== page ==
This week in Omnivorous I wrote about the half dozen or so Chinese-Korean restaurants where you can order a bowl of fresh black bean noodles, or cha chiang mian. I think it's remarkable that these restaurants roll, cut, and boil these noodles to order, but there was once a day when each order was hand pulled, a dramatic, labor-intensive process that results in a tastier noodle that bonds better with the sauce.
One of my favorite places for cha chiang mian is V.I.P. Restaurant in Albany Park (3254 W. Montrose, 773-588-2727). Haiben Chin, who manages the restaurant for her mom and dad, says the family, which once operated a place in Seoul, opened V.I.P. in the mid-80s when the neighborhood was primarily Korean. Up until about 10 years ago her dad, Szui Yung, used to hand-pull noodles. "He says he's too old," she laughed. "His elbows hurt too much to do it." Still, he makes some mean noodles. Here, in matter, of minutes he rolls a bunch out, cooks them, and presents a double-sided bowl of cha chiang mian and champong, the spicy seafood noodle dish.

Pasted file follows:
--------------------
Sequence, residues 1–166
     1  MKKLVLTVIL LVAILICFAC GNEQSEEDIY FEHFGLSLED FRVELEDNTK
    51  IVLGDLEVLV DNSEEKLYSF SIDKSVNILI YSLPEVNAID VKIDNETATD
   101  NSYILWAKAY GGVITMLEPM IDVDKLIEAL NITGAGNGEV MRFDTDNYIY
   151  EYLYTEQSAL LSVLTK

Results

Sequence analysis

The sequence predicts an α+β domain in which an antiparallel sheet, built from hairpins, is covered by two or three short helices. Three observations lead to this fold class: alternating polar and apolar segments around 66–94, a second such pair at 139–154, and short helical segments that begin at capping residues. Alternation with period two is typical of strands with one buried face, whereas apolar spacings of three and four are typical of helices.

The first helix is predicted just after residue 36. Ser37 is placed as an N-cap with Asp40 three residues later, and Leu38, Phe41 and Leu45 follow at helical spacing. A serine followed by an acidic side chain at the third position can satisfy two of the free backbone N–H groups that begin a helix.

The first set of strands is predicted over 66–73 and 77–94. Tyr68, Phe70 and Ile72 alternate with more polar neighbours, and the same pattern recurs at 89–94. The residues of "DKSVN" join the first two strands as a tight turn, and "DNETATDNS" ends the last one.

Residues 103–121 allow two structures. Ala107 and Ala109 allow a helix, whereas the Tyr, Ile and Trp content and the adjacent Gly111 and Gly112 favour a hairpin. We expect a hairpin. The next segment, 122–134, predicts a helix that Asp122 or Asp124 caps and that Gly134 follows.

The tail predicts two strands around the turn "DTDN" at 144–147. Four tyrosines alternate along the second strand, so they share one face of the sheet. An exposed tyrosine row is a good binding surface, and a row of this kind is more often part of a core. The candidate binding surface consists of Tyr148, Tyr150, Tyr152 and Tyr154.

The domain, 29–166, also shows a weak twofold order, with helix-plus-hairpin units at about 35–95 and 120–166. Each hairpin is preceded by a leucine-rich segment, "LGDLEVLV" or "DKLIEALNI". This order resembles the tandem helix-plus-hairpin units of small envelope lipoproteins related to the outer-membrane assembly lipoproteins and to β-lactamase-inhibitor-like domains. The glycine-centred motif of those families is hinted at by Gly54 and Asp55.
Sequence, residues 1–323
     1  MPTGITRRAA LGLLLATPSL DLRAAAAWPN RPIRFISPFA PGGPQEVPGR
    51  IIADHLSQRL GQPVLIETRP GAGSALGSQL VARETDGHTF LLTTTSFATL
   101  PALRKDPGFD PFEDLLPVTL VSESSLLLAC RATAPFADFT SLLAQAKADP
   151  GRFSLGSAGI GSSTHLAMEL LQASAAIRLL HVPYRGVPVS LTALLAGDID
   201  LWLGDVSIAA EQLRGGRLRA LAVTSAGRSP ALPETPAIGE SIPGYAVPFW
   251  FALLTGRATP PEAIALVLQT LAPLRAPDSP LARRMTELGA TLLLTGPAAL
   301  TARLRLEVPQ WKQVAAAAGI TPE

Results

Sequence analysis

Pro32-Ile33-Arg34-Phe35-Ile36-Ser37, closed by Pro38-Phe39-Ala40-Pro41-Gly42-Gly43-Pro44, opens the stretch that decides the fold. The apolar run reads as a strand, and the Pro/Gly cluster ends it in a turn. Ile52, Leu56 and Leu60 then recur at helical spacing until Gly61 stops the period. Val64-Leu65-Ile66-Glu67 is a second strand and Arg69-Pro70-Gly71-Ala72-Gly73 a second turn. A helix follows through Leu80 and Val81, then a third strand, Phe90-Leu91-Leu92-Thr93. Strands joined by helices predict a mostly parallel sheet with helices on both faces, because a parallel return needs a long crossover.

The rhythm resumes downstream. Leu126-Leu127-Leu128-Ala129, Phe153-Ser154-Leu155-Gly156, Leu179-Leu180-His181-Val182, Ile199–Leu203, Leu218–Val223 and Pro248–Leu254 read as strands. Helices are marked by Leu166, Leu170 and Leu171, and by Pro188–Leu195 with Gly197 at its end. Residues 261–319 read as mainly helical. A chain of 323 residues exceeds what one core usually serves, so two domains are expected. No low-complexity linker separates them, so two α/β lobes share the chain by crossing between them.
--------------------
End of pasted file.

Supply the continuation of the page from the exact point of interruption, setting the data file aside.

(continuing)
In the listings, 13 Asian noodle joints.